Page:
Discuss Treatment Options Together

At some point, it may be important to draw the line and tell your teen that you’re sending them to a treatment place for their own good. But until that point, include your teen in the process of selecting and talking about treatment. It helps when they feel that they’re actively taking steps to get better, rather than being told what to do. 

Emphasize Support and Family

Your teen should know that they’re never alone in all of this. Addiction can be crushingly lonely, even if you’re otherwise surrounded by friends and family in your day-to-day life. Emphasizing that you’ll be with them and in their corner throughout the treatment process can help, especially if you choose to get involved in treatments, such as through family therapy. 

Substance Abuse Treatment with Visions

Drug interventions are often the first step towards long-term teen addiction recovery – and the first step for a family or group of friends to begin their journey as a support network for their loved one. As such, many people often have questions about staging an intervention, and the steps that follow. At Visions, we hear many such questions. 

Many parents wonder what common mistakes to avoid during a drug intervention with a teen. An important one is not to treat it as an opportunity to lecture. Drug addiction may be a serious mistake, but it’s a mistake nonetheless, and not one that most people – especially teens – ever consciously choose to make. While it might feel good to get certain things off your chest, talking down to your teen can actively hurt your relationship during recovery, and undermine your ability to support them.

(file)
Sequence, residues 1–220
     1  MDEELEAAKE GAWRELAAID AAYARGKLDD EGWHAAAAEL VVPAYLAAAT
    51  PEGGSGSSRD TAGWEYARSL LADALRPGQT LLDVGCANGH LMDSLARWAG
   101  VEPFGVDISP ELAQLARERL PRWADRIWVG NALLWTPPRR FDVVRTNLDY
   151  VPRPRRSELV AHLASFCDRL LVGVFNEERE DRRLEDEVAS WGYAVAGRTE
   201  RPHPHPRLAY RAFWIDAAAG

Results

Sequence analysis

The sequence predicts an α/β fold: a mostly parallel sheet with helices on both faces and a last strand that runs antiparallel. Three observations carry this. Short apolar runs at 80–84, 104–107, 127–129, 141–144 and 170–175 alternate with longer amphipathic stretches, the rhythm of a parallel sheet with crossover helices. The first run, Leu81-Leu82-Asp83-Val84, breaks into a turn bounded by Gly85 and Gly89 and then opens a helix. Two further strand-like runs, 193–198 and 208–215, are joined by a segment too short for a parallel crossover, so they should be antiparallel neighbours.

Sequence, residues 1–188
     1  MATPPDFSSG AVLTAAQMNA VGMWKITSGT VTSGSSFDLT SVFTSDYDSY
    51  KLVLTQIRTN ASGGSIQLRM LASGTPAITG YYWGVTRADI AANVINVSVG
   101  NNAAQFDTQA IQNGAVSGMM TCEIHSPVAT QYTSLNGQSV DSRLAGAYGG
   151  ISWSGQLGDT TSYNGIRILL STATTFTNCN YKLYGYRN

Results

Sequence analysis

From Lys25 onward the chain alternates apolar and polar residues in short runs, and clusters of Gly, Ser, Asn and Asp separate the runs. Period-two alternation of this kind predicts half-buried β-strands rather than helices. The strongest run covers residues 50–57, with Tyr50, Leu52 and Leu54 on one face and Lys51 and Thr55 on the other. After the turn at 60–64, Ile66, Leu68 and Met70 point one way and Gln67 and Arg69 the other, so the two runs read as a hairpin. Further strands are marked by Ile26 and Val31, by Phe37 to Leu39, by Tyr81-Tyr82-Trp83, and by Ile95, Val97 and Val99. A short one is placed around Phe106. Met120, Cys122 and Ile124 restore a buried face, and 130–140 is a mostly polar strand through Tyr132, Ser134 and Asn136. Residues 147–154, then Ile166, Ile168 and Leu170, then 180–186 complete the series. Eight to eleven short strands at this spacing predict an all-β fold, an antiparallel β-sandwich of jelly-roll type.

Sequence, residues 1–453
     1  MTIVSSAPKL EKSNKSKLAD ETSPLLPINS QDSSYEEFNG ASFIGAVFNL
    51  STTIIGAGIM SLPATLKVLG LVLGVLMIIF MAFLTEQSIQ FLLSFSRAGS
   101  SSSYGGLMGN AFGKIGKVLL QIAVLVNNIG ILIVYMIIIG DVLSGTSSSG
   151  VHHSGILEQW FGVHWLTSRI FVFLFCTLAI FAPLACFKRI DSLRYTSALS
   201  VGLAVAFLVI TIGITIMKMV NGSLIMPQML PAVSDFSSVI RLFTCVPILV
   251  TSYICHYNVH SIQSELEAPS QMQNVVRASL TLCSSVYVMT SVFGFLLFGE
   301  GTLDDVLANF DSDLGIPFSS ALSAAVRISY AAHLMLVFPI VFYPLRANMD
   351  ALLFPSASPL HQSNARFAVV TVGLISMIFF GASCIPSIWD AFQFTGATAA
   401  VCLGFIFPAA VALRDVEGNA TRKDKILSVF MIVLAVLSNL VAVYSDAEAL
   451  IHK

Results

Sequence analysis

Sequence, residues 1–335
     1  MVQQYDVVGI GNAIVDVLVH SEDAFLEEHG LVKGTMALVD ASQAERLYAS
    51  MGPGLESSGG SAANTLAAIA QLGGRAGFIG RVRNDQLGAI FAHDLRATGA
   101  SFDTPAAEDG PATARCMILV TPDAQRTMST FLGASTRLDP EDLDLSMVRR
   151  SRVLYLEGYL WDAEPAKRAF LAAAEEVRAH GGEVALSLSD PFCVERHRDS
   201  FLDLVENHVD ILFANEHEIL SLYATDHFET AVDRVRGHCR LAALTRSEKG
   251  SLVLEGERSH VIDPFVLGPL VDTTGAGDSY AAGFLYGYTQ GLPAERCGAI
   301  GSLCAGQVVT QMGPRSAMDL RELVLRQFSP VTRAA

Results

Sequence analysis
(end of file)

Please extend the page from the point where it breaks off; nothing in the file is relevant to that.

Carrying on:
Another big question is how to be sure that it’s an addiction problem. This one is tough to answer. A specialist will be better able to help you figure out what you might want to do, given your circumstances or specific information. General tips include taking notes of changes in behavior, keeping stock of potential substances in the house (such as prescription pills), and if you’re up for snooping around, looking for potential hiding places around the house. 

Finally, parents often wonder what comes next after a drug intervention. Most of the time, the initial intervention is basically a conversation – which is followed by another conversation, and another. The goals might change over time. For some parents, it’ll be to see noticeable improvements in their teen’s behavior and promises to stop using. Sometimes, drug use doesn’t automatically mean drug addiction. In other cases, however, treatment may be necessary if a teen needs help. The goal, then, would be to find a treatment center or clinic that they’re comfortable with, or are willing to go to. 

You don’t always need to ask your teens to go to rehab. In many cases, an outpatient program can provide enough support for your teen to successfully recover from addiction. To find out more, check out our intensive outpatient program for adolescents at Visions. 


Whether it’s the initial intervention or a subsequent intervention after a relapse, it’s important to set goals and keep an eye out for potential treatment programs for teens. Setting up an initial intervention can be daunting, and it’s normal to be worried about adverse outcomes or negative reactions. It helps to work with a professional through every step of the way, and to have a clear goal in mind – such as an outpatient treatment program. If you want to learn more about planning and setting up a drug intervention for your teen, contact us at Visions.